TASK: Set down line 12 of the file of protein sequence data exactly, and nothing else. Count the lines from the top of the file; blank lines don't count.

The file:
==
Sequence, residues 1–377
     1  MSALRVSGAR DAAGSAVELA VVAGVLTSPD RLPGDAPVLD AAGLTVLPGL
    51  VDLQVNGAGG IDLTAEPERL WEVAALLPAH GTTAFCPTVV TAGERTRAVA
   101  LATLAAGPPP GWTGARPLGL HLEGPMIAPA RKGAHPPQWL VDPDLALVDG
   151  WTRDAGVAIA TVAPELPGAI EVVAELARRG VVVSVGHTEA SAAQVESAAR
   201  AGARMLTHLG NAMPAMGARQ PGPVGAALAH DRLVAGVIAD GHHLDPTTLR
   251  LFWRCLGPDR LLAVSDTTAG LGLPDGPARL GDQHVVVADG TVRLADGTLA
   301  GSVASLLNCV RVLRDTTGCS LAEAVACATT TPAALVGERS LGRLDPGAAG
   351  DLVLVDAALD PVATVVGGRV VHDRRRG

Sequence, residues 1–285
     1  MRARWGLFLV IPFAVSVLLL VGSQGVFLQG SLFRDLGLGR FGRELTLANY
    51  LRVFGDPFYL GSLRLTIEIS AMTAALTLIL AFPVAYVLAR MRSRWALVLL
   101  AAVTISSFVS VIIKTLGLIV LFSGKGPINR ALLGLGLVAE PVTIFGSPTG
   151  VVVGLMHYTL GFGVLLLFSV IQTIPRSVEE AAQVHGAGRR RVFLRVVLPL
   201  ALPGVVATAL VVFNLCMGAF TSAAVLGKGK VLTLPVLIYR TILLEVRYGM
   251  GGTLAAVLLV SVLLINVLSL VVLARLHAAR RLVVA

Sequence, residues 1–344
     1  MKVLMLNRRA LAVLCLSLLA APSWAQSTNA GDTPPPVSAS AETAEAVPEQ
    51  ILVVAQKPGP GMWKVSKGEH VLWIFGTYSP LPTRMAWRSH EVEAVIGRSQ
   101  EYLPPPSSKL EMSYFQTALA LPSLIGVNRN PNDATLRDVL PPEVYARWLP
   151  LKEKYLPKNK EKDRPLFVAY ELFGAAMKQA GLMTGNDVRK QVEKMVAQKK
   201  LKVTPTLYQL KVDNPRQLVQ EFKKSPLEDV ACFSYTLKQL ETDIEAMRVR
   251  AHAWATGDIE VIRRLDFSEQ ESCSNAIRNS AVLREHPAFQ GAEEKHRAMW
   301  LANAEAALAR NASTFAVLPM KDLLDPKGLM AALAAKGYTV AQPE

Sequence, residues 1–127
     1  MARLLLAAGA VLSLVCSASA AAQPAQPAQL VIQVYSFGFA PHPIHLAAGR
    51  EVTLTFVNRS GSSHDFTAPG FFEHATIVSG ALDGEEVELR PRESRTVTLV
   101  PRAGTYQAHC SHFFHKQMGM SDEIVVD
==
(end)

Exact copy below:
    51  LRVFGDPFYL GSLRLTIEIS AMTAALTLIL AFPVAYVLAR MRSRWALVLL